The problem is, the cities can’t go on private property and fix privately owned pipes. Homeowners will have to foot those bills. Kety said it’s hard to estimate what that might cost. It depends on the length of the pipe, whether it has to replaced, and whether it’s under a concrete drive. But, he said, a ballpark figure could put the cost at $2,000 to $3,000.
State Sen. Jack Latvala suggested cities might pass an ordinance requiring homeowners to get the lateral lines evaluated before they sell their homes.
St. Petersburg Mayor Rick Kriseman said he had given a sample ordinance to the city attorney for consideration. That could come before the St. Petersburg City Council.
Both he and Clearwater Mayor George Cretekos suggested the delegation could help pass a statute or set up a rebate or loan program to help homeowners pay for the repairs.
In recent months, St. Petersburg has become the poster child for a crumbling sewer infrastructure that’s dumped millions of gallons of untreated and partially treated wastewater into Tampa Bay.
But the problem of failing infrastructure is much bigger than St. Pete. It’s countywide. The county, Largo, Clearwater and Tarpon Springs — just to name four — also have had problems with sewer systems unable to handle recent heavy rains.
It’s an urgent problem, Pinellas County Commissioner Janet Long said Monday. It’s one complicated by a fragmented system that’s undergone decades of neglect. It’s time, Long said, to consider a countywide sewer system, somewhat like the solid waste management system.
The county runs the one landfill in Pinellas and oversees the one waste-to-energy facility in Pinellas. On the other hand, Pinellas County has 17 sewer systems — one belonging to the county, 13 belonging to municipalities, and three belonging to private landowners, according to county records.
The cost to upgrade those, in particular for the systems run by smaller cities like Treasure Island, South Pasadena, Gulfport, Redington Shores, and North Redington Beach, could be prohibitive.
“These are big infrastructure projects that one little city can’t handle on its own,” Long said.
Even the bigger cities will have problems affording improvements.
A better system, she said, would bring all the systems under one umbrella. Then, a study could be done to see how best to develop a state-of-the-art system for the entire county. After that, a decision could be made on ways to free up the necessary resources to pay to have the system put in place.
“I’m hoping that this task force will help us get there,” Long said. She was referring to a county task force Pinellas commissioners agreed to set up to find long-range solutions to the flooding and sewer infrastructure problems.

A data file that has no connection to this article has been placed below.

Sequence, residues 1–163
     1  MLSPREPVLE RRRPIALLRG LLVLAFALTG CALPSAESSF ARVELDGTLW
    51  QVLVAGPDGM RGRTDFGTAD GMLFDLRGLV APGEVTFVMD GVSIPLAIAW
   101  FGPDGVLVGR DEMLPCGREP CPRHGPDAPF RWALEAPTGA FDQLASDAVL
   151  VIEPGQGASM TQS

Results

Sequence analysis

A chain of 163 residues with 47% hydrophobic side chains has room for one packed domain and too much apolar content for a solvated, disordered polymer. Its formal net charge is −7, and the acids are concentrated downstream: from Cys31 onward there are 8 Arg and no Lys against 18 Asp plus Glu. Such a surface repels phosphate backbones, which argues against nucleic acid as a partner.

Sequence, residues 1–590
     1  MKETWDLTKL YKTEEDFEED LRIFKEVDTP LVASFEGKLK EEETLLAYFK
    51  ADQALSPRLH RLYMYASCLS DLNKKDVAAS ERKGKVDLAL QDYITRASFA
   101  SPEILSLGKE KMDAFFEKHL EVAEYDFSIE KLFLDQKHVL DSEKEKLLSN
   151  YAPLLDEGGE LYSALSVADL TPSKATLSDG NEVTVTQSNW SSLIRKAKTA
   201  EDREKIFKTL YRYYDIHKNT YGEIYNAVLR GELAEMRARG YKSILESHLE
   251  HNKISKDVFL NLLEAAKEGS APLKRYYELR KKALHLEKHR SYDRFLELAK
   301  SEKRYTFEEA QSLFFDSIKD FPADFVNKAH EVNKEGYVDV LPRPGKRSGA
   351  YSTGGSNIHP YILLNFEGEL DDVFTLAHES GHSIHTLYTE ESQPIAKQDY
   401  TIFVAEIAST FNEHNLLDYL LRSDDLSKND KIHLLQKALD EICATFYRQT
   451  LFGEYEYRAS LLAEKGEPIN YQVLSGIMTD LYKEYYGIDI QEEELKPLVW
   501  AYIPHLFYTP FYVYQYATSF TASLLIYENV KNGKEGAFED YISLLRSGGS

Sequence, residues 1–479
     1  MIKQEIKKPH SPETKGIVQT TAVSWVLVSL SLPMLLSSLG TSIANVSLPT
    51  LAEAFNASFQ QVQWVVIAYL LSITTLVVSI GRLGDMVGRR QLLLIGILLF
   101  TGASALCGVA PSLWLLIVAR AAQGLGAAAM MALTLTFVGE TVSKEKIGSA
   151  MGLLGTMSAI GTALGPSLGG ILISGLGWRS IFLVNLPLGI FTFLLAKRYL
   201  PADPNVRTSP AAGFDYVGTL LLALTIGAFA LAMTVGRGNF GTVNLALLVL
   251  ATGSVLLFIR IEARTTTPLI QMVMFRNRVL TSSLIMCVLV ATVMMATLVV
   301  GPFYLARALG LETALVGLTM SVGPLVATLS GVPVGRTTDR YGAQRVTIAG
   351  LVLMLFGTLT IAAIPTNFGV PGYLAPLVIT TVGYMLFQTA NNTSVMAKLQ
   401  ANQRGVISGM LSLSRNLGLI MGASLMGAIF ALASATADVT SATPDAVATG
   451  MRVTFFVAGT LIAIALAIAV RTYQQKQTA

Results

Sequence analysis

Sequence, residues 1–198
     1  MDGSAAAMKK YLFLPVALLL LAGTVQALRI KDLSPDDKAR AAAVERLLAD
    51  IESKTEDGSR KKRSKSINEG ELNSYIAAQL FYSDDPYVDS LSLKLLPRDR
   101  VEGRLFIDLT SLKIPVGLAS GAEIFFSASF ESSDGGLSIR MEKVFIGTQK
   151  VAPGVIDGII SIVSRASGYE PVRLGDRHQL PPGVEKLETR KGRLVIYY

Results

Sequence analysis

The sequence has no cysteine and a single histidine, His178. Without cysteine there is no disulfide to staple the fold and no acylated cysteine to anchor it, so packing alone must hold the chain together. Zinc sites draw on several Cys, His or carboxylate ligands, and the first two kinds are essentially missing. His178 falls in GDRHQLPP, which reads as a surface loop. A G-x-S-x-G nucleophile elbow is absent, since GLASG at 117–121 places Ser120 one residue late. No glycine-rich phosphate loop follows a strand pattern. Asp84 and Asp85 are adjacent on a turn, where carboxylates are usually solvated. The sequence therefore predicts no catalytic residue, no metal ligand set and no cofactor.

The failing infrastructure is a problem caused by decades of neglect, she said, in part because there’s never been an outcry to improve the wastewater system.
“There’s never been a brouhaha over the sewer system until now,” Long said. But now that people are paying attention, it’s time to find a long-term solution.
On the eve of a meeting between the Pinellas Legislative delegation and city officials, state Sen. Jack Latvala has presented one possible solution to prevent further overflows of wastewater into Tampa Bay.
And he wants St. Petersburg officials to tell him if it’s a good idea and, if not, why not.
“I would like your presentation to include if it is feasible for barges or tankers to be brought into Bayboro to be used for heavy rain events and, if it is not viable, why not,” the Clearwater Republican wrote Monday in a letter to St. Petersburg Mayor Rick Kriseman.
Ben Kirby, spokesman for Kriseman, said the idea is one of many St. Petersburg officials have discussed. It will be one of the ideas that Claude Tankersley, the city’s public works chief, will present at Tuesday’s meeting.
The state of St. Petersburg’s sewer system has risen to the top of officials’ agendas after the city poured millions of gallons of untreated and partially treated wastewater into the bay during storms this summer. St. Petersburg officials say part of the problem is the city’s old sewer system that allows rain water to infiltrate and overburden the system, causing backups and overflows.
Earlier this month, Latvala and fellow Republican, state Rep. Kathleen Peters, called for a meeting of the Legislative Delegation to discuss what’s needed to prevent another overflow. The Pinellas County commission has also called for a task force to seek solutions to the problem.
The delegation is scheduled to meet Tuesday, which Latvala referred to, saying he was looking forward to hearing the city’s presentation.